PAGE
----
But "Little Kids" cuts surprisingly close to the cultural bone, painting a terrifying, post-Kids picture of youth run amok. As a wiggling stream of starched guitar strokes and synthesizer plinks worms its way in and out of misty choruses, Cox sets the scene: "Kids, drinking gin on their, their front lawn/ The kids see that man looking down their dirt road." The story is told almost in a whisper, becoming increasingly grotesque as the stranger is set ablaze for kicks and the music builds to a mild, jangling fever pitch. Cox's refrain--the too-calm "To get older still, to get older still"--is enveloped by the sheets of flickering white-noise flame that close the song.
Another sign of Deerhunter's maturity is the three-song, zone-out gulch at Microcastle's core--the band's willingness to allow the temporary impression that the record is falling apart. Lightly knitted "Calvary Scars" threads nylon guitar slides with nightmare-level imaginings: "Crucified on a cross in front of all my closest friends." Composed of rainy-day piano drippings and fret ditherings, "Green Jacket" suggests total and utter disconnection from nerve centers. The nautical "Activa," meanwhile--the ground beneath you seems to list as its two minutes pass--brushes blissfully away at some vague melody like a fussy paleontologist at work on a dig site.
The rhythm-section crunch announcing "Nothing Ever Happened" yanks Microcastle back from the brink of out-and-out ecstasy, as Cox invites us to "focus on the depth that was never there," adding that "Nothing's easy, nothing's fair" before the band shifts into one of those stretched-out grooves that Strokes albums are chock-full of. But nocturnal "Twilight at Carbon Lake" is the real pot of gold at the end of the rainbow. Here, as Cox doles out instructions on how to cope with some unspecified despair--"Go towards the mirror and pray that you'll see/ Someone else"--an upscale/downscale ditty à la "Unchained Melody" smolders into an all-out, amps-to-11 conflagration that lingers in memory long after the din finally subsides.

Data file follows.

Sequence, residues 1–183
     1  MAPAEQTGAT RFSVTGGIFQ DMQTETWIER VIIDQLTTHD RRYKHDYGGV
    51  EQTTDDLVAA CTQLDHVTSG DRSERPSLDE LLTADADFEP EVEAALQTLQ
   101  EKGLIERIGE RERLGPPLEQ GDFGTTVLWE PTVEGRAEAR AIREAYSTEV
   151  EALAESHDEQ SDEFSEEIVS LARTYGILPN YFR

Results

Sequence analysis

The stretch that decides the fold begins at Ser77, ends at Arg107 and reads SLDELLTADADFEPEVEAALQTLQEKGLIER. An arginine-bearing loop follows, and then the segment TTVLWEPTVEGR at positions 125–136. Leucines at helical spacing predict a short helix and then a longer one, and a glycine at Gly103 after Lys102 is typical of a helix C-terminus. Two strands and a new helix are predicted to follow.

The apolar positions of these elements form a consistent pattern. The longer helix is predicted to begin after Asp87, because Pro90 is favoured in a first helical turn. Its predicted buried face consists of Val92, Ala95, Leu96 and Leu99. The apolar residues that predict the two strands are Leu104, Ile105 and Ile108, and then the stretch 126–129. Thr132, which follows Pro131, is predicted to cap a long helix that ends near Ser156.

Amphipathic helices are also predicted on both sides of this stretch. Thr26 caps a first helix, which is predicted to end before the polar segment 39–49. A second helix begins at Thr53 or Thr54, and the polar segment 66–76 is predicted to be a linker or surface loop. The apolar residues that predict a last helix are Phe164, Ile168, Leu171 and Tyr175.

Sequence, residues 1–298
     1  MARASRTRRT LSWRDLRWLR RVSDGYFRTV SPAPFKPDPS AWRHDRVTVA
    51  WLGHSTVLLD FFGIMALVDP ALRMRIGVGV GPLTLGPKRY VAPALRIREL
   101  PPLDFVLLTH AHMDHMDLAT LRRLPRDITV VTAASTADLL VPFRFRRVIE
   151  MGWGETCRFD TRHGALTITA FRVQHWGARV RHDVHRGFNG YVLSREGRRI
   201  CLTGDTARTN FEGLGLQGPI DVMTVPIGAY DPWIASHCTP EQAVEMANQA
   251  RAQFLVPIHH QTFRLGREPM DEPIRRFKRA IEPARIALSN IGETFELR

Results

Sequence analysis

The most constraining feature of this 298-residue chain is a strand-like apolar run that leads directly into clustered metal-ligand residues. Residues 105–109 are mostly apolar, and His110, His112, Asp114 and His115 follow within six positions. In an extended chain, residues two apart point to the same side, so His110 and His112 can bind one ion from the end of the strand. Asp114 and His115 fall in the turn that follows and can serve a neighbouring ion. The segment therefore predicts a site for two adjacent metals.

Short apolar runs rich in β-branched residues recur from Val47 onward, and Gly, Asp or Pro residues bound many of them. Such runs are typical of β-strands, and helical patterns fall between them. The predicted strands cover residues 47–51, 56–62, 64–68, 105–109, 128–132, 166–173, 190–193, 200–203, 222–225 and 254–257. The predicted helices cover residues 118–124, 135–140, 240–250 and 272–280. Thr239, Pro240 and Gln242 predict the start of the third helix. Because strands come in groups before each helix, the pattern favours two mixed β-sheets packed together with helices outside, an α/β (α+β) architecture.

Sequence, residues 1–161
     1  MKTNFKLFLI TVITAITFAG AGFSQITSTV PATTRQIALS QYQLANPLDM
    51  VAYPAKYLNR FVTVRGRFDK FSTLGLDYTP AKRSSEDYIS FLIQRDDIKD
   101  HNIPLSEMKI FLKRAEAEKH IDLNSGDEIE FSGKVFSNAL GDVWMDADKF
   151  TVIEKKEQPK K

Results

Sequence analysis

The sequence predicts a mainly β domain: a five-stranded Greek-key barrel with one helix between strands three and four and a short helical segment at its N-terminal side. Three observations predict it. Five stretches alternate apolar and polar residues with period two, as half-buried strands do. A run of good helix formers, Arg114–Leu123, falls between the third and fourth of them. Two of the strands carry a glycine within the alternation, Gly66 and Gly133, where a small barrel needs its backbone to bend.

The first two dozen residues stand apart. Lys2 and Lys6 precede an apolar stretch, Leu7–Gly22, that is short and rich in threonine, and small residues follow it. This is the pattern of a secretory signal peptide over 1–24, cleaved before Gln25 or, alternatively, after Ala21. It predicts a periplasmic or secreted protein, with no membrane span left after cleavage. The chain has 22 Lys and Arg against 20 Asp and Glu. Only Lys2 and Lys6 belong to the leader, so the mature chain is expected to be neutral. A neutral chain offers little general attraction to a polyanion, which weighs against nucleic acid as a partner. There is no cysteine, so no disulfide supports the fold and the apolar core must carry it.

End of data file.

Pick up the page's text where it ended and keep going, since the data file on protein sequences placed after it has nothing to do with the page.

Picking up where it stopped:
The Deerhunter that emerges on Microcastle takes songcraft much more seriously--this is a band of artisans, not day laborers. This grayscale fortress comes equipped with moats, towers, dungeons, and more--it just takes longer than expected to realize that they're there and to acknowledge that they've laid claim to your affections.